The recent violence in Jerusalem erupted for one single reason: hatred for Israel and Jews. The call to murder Jews ("Oh Jews, remember Khaybar; the army of [prophet] Mohammed is returning") is a reminder that today, for many, this war from the seventh century is not over. Pictured: A crowd of Arab men shout slogans at the Damascus Gate in Jerusalem on April 25, 2021. (Photo by Ahmad Gharabli/AFP via Getty Images)
Those who claim that the recent violence in Jerusalem erupted because the Israel Police did not allow Arab Muslims to hold nightly celebrations during the fasting month of Ramadan have no idea what they are talking about.
Those who say that the violence erupted because Israel did not allow the Arab residents of Jerusalem (who hold Israeli-issued ID cards in their capacity as residents, and are not citizens of Israel) to participate in the Palestinian Authority elections also have no idea what they are talking about. What they all seem to have no idea about is the Israeli-Palestinian conflict.
The violence erupted for one single reason: hatred for Israel and Jews. It erupted because many Muslims do not want to see Jews in Jerusalem or any part of Israel. Attacks on Israeli security forces and Jews in Jerusalem have been taking place for decades -- with or without a "reason".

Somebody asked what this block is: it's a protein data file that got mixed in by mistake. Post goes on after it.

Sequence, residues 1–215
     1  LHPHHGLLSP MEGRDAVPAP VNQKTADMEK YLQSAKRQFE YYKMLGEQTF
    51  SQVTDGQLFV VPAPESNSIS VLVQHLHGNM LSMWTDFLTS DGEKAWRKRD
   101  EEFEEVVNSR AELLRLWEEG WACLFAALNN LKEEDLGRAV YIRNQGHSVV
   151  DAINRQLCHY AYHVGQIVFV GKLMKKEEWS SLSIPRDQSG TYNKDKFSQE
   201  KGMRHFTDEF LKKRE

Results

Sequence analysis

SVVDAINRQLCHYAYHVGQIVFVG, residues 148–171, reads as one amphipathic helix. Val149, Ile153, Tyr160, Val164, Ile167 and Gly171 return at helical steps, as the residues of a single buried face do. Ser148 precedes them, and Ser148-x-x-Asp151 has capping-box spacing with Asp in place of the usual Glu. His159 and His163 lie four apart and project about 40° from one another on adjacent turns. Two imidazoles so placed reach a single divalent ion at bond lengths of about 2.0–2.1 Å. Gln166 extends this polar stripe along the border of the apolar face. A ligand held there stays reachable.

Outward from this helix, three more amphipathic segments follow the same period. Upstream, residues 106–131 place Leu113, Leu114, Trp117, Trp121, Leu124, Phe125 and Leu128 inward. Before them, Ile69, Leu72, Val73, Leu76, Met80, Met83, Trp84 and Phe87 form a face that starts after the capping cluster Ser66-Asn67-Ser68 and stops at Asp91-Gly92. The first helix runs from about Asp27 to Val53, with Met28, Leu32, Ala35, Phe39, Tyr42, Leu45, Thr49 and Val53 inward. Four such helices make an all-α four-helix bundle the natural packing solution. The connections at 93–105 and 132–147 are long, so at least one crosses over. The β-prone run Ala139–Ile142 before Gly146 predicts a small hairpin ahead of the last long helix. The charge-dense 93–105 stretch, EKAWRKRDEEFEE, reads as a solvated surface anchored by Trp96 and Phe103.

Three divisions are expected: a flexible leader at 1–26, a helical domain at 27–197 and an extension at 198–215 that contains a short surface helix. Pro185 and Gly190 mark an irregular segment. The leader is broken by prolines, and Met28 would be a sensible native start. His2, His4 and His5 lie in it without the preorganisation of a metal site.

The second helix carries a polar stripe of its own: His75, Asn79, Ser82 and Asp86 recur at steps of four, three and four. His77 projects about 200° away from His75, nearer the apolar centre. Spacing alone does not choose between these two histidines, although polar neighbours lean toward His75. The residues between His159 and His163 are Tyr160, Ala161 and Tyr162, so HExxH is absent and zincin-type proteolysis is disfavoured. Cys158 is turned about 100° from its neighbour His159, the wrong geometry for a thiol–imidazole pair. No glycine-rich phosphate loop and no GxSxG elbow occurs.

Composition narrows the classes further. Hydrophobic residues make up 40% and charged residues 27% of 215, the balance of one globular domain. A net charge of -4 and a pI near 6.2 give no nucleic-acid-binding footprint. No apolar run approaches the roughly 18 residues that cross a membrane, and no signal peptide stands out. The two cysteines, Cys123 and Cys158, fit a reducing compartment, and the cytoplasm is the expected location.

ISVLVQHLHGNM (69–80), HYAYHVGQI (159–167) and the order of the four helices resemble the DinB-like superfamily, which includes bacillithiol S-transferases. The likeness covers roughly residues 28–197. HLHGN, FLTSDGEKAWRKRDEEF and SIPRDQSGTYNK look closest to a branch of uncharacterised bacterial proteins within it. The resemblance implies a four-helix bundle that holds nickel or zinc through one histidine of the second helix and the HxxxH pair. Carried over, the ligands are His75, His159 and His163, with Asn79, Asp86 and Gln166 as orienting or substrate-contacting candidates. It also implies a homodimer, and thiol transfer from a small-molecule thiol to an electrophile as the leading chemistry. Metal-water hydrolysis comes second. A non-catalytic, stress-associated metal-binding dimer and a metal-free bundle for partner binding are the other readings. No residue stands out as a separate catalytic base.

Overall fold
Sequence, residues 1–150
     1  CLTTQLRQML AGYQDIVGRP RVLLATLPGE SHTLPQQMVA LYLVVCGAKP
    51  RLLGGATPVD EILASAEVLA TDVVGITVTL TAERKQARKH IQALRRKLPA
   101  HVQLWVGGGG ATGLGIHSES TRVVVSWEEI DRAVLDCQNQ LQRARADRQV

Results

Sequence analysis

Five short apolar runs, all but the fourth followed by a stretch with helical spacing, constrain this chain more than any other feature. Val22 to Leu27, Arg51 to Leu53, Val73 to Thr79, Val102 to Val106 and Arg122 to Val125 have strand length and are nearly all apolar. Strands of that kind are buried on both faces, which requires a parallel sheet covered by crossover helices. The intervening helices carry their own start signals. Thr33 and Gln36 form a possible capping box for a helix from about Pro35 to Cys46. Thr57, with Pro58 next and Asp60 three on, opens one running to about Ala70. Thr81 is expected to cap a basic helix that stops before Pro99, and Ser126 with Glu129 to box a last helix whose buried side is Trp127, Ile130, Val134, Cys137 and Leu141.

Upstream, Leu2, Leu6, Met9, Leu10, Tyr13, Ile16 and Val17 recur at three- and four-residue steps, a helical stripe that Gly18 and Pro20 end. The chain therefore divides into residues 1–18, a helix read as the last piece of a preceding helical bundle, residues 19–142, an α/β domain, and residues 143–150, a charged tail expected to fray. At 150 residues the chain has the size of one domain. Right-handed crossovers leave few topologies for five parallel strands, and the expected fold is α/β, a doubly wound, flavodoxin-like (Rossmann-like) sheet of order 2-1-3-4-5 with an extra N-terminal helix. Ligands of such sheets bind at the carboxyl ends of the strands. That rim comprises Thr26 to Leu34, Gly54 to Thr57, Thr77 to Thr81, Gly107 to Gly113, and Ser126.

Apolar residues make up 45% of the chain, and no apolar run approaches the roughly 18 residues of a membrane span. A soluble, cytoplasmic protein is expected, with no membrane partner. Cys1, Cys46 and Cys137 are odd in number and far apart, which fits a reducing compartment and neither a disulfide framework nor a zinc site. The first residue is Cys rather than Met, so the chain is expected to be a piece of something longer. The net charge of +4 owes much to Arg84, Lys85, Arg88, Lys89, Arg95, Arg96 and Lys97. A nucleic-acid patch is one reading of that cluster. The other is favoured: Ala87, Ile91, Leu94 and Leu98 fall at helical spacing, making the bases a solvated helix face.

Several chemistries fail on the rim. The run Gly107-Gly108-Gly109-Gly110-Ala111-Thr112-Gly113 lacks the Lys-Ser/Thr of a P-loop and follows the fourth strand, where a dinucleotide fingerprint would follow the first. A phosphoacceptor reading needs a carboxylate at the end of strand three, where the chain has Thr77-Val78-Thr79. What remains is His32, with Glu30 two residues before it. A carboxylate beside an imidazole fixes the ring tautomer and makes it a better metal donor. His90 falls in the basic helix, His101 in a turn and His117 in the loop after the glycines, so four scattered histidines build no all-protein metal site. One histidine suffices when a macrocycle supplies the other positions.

When a young Jewish man riding the light train in Jerusalem is slapped on the face for no reason, or when a Jewish man walking his dog is severely beaten by a Muslim mob, it is only because of his outward appearance and religion. Welcome to modern-day Palestinian Jew-hate.
All one has to do is listen to what the Palestinians themselves are saying to understand that they see the violence in the context of their decades-old "battle to liberate Jerusalem and Palestine from the Zionist enemy."
The Jerusalem Arabs who took to the streets to attack Israeli police officers and Jewish civilians are saying that violence is very much part of the Arab-Palestinian-Muslim fight against Israel.